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Why did they stop flying to the moon?

On July 20, 1969, one of the most important events in the history of mankind took place: a man set foot on the moon. It was the culmination of over a decade of scientific, engineering and political work and represents one of our greatest achievements. Ultimately, the United States made six moon landings, bringing a total of 12 astronauts to the lunar surface by 1972.

And then they stopped …

It will soon be five decades since humans walked on the lunar surface. Contrary to countless sci-fi tales, we do not have a lunar base. Contrary to many optimistic opinions, we are not even very close to ever returning. Usually the hardest part of moving from one place to another is the first time;

After that, the logistical problems are solved, and the journey becomes easier and easier. For example, when Europeans realized that there was a huge territory between them and India, travel to America and back quickly became commonplace.

So why didn’t this happen to the Moon?

The answer to this question is a whole matrix of reasons why, unfortunately, people are still attached to the Earth.


One of the key drivers of the United States’ drive to land humans on the moon was its sense of rivalry with the Soviet Union. According to Ars Technica, in the 1950s, the Soviet Union invested money and knowledge in its space program and achieved several startling results.

The satellite became the first artificial Earth satellite in orbit in 1957, and in 1961 the Soviet pilot Yuri Gagarin became the first person to orbit the Earth. By the early 1960s, it seemed clear that the Soviet Union would be the first country to land someone on the moon.

President Kennedy delivers his "Decision to Go to the Moon" speech on May 25, 1961, before Congress.
President Kennedy delivers his “Decision to Go to the Moon” speech on May 25, 1961, before Congress.

The Cold War was in full swing, and the potential technological and strategic advantages that such a feat could bring to the Soviet Union raised American concerns. In 1962, President Kennedy said, “This is a race, whether we like it or not. Everything we do in space should be connected with getting to the moon before the Russians. “

As former NASA chief historian Roger Launius noted, “The space race was actually an arranged war between the United States and the Soviet Union. Instead of deploying tanks and troops on Earth, the two countries sent scientists and engineers to claim the Moon as their own – although would be symbolic.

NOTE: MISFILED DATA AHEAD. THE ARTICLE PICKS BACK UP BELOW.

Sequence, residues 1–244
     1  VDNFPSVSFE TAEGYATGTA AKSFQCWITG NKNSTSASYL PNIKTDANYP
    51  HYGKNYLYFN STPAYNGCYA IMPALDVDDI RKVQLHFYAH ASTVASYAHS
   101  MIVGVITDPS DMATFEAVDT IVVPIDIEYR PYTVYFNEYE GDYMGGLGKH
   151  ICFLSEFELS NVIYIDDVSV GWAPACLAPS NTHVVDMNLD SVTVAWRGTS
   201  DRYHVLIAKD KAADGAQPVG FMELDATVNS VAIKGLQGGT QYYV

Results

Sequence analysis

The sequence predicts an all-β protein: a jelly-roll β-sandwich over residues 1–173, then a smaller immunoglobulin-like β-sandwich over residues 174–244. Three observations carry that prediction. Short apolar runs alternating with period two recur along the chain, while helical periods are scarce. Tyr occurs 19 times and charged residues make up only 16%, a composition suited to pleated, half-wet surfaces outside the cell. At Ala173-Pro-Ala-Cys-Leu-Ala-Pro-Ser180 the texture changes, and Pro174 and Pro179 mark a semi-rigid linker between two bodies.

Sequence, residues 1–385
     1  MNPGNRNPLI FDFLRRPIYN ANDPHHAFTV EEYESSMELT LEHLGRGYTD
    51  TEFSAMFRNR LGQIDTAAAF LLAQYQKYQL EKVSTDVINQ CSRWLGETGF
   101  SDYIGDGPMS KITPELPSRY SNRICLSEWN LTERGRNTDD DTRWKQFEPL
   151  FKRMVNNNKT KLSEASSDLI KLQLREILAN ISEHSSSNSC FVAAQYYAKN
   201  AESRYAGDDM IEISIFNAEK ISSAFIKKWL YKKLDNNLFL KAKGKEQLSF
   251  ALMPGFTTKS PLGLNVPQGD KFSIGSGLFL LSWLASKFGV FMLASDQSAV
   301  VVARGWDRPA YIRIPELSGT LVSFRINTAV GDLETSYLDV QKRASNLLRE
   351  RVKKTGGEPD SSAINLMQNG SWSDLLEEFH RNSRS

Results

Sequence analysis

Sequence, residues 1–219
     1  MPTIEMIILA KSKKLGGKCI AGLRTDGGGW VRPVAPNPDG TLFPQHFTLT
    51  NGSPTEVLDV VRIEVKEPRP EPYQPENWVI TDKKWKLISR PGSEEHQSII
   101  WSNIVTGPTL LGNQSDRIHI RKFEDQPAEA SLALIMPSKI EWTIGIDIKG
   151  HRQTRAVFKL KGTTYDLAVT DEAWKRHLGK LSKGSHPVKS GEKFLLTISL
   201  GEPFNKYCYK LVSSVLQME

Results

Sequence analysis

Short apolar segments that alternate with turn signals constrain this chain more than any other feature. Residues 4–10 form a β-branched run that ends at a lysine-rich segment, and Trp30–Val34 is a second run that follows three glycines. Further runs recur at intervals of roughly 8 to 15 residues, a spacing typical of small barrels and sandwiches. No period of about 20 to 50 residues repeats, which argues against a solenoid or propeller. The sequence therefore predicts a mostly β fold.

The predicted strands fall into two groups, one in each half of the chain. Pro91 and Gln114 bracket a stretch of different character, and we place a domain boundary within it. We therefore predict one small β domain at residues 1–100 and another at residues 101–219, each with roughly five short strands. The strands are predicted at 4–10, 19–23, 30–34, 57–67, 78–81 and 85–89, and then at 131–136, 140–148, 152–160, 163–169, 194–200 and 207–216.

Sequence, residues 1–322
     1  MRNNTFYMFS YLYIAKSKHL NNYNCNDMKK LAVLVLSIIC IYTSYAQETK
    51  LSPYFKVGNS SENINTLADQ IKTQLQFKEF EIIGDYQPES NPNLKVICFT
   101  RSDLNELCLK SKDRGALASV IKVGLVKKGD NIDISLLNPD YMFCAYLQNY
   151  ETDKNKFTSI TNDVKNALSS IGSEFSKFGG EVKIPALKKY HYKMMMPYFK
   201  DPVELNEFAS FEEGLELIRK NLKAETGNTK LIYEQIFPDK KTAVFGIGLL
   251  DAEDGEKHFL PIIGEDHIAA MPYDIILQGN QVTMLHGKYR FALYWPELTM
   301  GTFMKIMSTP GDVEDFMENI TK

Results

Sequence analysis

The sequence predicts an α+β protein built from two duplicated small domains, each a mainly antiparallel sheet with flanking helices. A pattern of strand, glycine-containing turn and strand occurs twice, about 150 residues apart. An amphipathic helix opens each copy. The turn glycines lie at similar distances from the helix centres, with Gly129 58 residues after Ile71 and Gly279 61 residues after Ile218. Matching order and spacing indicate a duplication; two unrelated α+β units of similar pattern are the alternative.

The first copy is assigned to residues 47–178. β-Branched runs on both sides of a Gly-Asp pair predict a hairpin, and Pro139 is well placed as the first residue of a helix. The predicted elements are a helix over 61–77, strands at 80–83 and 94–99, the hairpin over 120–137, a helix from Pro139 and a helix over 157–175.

These cold war conditions no longer exist, and so far no country has risen to the same rivalry with the US as the Soviet Union, which removes the key reason we went to the moon. “

It’s too politically risky

It took more than ten years to get to the moon for the first time. It also took an incredible amount of money and effort, both mental and physical. And everything could go wrong at any moment – technology could fail, astronauts could die, or the new president could simply cancel the project. The political risks were so high that it was a miracle that the project was a success.

As Business Insider reports, “These political risks have only worsened in the decades since our last visit to the moon.” Presidents have often suggested a return to the moon, and NASA has several plans to do so, but once the price rises sharply and the problems become clear, those plans tend to shift towards goals that are perceived as more practical. “

This is another problem: the benefits of going back to the moon are mostly theoretical. R&D is a key reason to come back, but there is no clear rate of return.

The lunar base could be used as a gas station, but until there is a more practical reason to fly to and from the moon – or use the moon as a stopover on our way to another location – the risks associated with such a project. scare. Simply put, no politician wants his name to be associated with a costly waste of time or a tragic disaster.

The original moon landing was a publicity stunt

President John F. Kennedy delivers his famous “We Chose to Go to the Moon” speech at Rice University of Houston in September 1962.
President John F. Kennedy delivers his famous “We Chose to Go to the Moon” speech at Rice University of Houston in September 1962.

It is absolutely true that John F. Kennedy was the man who insisted on going to the moon, citing the need to combat the Russians’ attempts to dominate space. But the truth is a little less inspiring. Because part of the reason President Kennedy was so pushing for the space program was his need for publicity after a series of political upheavals that have shaken his administration.

According to CNET, Kennedy began his presidency with the belief that a moon landing would be too costly to seriously consider. Then he had a not-so-good year in 1961. The Soviet Union put the United States in a bad light when it brought Yuri Gagarin into orbit around the Earth. This made the US look weak, and the argument that Americans could not afford to fly to the moon looked kind of silly.

Kennedy then gave the green light to the invasion of the Bay of Pigs. This was a disaster for Kennedy. It was so poorly organized and incompetently executed that Kennedy looked very, very bad.

This changed his attitude towards his military leaders and advisers and forced him to look for a way to change the situation. It was ideal to announce the daring mission “Moonshot”. This made him look like a visionary leader, and the US like a technology superpower.

Moon landing is not meant to be repeated